15107 Players currently online!
Man vs. Machine - good luck!
Turn-based games at any time!
Vote for the best move to win!
Do you have what it takes?
Sharpen your tactical vision!
Get advice and game insights!
Learn from top players & pros!
View millions of master games!
Your virtual chess coach!
Perfect your opening moves!
Test your skills vs. computer!
Find the right private coach!
Can you solve it each day?
Bring it all together!
Beginners, start here!
Make friends & play team games!
News from the world of chess!
Search all Chess.com members!
Find local clubs & events!
Who's the best of your friends?
Read what members are saying!
The first game played is the best game I've seen roman play even tho he wouldn't agree it's an awesome game!
Very inspiring games! I saw the Qg5 move coming with Qf6! follow-up threat which I was happy about - shows that your instructive lessons are helping my play, keep them coming Roman!
I have watched many videos here on chess.com and yours Roman are always the best; they are absolutely spot on in terms of chess teaching and beautifully delivered with just a lovely amount of personal story. This one is such a useful lesson for those like me trying to get to the next level of chess; I look forward to constantly seeking the initiative in all my future games, even at the cost of material. Thanks Roman!
Roman, I wasn't even aware of this concept of "initiative vs. material" until watching your video lesson. A great awakening for me, and now when I see such an occurrence on the board, I will know how to evaluate my next move: should I take for material or go for iniative, and look ahead to see how the board will read if I go either way. Thanks very much. I hope you will offer more videos like this. It was tremendously helpful.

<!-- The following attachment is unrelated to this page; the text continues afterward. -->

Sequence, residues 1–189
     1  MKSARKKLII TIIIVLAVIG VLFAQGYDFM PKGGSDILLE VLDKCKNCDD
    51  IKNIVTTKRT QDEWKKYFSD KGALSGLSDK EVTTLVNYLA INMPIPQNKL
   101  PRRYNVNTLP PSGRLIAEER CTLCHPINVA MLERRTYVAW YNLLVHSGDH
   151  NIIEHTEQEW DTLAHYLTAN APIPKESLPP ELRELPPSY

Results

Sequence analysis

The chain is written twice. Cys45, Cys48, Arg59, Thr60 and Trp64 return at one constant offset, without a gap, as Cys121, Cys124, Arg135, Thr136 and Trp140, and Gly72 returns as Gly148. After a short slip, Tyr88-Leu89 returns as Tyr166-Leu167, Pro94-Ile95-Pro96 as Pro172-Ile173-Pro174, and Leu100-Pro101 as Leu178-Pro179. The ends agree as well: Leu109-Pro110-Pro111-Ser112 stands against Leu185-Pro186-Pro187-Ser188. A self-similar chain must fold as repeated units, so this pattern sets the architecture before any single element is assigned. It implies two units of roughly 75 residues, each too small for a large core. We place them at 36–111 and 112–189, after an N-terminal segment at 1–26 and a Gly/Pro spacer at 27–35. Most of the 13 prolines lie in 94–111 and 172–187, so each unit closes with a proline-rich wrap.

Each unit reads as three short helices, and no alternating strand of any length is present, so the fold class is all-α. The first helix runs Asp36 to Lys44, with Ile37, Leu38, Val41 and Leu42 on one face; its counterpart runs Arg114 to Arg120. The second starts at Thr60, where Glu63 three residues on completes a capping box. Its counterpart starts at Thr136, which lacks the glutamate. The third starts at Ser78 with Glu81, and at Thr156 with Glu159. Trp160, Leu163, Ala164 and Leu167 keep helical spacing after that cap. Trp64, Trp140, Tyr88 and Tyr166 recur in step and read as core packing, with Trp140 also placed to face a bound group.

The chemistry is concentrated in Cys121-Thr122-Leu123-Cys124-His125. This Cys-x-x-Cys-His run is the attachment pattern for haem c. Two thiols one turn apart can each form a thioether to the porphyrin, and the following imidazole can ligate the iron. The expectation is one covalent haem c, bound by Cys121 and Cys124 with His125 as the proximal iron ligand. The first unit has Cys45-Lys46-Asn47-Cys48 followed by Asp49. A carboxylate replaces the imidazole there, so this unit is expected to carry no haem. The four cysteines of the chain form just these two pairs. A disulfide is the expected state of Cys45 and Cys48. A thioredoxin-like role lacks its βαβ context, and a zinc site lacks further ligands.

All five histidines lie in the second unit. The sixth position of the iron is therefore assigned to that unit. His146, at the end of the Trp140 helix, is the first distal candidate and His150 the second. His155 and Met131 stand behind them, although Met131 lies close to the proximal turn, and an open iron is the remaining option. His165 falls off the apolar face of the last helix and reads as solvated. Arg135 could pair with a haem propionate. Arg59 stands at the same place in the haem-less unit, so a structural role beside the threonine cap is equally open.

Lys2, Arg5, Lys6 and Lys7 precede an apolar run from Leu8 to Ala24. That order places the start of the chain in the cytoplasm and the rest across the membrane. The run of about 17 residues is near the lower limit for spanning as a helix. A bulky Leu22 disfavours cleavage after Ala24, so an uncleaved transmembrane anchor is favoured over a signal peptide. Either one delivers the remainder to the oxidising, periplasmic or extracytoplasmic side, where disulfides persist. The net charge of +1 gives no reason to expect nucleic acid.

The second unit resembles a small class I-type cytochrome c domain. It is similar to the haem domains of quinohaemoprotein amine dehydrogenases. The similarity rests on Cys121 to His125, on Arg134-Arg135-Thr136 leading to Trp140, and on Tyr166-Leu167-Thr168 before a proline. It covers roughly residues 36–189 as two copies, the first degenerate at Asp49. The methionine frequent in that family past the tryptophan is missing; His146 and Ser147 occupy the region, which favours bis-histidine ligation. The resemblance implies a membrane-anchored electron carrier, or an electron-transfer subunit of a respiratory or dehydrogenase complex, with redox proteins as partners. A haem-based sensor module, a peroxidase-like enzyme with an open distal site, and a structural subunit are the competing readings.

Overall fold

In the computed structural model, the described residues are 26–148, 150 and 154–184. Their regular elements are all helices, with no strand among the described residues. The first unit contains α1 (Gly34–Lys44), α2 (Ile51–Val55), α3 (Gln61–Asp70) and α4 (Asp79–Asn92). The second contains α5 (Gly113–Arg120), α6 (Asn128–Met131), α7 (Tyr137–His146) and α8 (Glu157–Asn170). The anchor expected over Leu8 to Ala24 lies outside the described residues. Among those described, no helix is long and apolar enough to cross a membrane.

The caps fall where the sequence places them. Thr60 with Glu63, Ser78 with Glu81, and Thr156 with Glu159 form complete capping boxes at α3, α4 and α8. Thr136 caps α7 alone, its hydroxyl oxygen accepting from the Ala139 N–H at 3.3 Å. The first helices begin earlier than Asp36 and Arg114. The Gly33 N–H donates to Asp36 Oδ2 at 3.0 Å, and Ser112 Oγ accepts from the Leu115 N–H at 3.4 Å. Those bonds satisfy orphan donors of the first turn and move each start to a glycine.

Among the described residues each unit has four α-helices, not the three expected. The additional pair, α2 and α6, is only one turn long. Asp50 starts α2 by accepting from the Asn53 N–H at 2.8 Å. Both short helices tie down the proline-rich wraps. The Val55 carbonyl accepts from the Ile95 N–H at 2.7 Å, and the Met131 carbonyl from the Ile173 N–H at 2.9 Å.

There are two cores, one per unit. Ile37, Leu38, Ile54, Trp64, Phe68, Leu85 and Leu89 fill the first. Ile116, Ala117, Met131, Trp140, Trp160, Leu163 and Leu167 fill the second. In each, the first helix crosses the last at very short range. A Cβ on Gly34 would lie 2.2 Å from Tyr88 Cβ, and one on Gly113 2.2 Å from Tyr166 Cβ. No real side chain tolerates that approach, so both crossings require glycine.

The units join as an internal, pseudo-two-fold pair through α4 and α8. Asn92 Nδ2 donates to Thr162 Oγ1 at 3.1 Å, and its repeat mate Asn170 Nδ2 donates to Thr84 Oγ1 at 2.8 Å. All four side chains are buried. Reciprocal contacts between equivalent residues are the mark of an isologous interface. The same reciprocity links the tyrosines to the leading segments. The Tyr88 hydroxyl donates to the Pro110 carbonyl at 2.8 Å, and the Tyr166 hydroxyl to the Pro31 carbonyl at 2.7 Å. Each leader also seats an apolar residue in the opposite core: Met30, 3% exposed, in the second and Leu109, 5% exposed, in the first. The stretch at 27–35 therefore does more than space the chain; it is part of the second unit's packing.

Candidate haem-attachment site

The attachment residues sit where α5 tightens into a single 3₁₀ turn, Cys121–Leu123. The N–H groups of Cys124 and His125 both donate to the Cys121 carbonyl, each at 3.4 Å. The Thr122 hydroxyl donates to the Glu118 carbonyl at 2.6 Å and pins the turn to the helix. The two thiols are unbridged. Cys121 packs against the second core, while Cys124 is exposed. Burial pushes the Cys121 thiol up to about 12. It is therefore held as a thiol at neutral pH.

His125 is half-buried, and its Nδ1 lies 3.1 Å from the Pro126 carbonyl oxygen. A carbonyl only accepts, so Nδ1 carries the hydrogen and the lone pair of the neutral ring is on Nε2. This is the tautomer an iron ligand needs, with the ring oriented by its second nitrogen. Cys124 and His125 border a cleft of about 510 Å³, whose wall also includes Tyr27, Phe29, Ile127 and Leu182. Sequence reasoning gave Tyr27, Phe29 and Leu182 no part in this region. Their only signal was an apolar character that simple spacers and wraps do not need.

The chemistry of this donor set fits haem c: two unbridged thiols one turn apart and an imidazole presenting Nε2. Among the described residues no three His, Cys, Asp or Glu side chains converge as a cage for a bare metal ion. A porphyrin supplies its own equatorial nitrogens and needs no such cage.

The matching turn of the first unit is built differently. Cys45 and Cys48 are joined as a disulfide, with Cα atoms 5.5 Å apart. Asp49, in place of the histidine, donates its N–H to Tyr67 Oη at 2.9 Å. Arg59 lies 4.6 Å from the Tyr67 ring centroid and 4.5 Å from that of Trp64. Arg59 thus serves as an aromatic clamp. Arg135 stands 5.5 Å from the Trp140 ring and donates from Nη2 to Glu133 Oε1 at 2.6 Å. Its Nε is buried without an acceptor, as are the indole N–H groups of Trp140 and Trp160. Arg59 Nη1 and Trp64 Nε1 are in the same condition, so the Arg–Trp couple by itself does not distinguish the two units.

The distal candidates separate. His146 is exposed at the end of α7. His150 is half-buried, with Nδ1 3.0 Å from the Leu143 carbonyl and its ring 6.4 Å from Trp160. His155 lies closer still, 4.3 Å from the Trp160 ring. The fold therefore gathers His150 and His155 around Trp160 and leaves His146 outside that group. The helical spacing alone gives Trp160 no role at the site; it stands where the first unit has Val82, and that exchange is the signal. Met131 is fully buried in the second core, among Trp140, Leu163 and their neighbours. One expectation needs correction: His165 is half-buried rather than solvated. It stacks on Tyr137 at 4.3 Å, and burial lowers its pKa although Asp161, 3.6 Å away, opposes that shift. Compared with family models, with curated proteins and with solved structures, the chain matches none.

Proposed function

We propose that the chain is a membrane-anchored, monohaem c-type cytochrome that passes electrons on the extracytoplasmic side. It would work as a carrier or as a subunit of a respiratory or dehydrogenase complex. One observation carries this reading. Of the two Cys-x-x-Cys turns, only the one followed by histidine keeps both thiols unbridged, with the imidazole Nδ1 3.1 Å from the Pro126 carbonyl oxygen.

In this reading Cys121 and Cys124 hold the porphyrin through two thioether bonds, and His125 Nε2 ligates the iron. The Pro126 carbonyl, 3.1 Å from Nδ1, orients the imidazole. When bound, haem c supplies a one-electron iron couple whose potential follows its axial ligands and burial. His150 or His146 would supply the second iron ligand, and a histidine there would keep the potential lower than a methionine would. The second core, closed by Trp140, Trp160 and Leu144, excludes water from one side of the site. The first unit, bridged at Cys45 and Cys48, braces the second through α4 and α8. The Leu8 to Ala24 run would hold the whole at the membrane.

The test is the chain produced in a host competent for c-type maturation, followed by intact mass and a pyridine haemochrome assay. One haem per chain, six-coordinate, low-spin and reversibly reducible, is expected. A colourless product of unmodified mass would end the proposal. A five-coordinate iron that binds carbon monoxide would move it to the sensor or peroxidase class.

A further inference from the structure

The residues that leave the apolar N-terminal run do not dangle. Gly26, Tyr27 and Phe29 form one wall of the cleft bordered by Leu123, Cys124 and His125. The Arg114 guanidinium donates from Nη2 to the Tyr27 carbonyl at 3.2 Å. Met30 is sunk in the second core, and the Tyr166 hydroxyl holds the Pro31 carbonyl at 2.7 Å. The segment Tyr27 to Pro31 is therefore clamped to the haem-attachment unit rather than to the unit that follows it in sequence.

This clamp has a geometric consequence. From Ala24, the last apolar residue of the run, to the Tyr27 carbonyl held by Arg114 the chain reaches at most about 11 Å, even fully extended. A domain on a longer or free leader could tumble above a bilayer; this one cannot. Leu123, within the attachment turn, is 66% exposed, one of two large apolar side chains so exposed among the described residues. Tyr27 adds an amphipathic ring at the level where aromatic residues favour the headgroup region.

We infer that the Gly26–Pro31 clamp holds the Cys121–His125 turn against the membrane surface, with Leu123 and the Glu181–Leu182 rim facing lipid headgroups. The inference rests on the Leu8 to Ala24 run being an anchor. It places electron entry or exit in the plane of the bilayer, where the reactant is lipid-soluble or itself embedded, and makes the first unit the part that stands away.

Thanks Roman! Every time I see this video I get something new out of it!
Thanks for excellent lecture
Very instructive and very well explained, just like all of your other videos!
Thanks for your response. It is much appreciated and I acquiesce to that.
Amazing insight and Queen sac for a crushing game! I could listen to you say "complete domination!" all day long! ;) Great games! Thanks!
These have to be two of the most beautiful games I've ever seen in my life. I'm not a GM or even a titled player, but these two games brought a whole new level of excitement to my playing. I might watch this video a dozen times over the next week.
Both games show that even if a material advantage is offered without threat of any tactics from the enemy, it still may be best to decline after you determine how the overall position would LOOK after the exchange.
Simply beautiful; I'll definitely be watching the rest of your videos, and finding more of your games. I might have finally found a playing style worth striving for... :)
Great lecture, really instructive, keep them coming please!
Nikkiboy, not being a strong player myself I would not try to explain Roman's thoughts. What I do know is that with computers if a move brings about a material advantage and the position is accessed as +2.0 and another move which is positional, attacking, etc. also gives a +2.0 the computer will opt for the move giving the material advantage. This is the way chess playing programs are programmed. The way Rybka is programmed, it gives priority in certain positions to initiative rather than material gain. This gives the program the feeling of artificial intelligence which is a high priority for programmers when programming computers. Unfortunately computers are not intelligent and will only do what their programmers tell them to do. Because of this they often wrongly access positions where an average chess player would not because of logic and intelligent thinking. I hope I explained this well enough.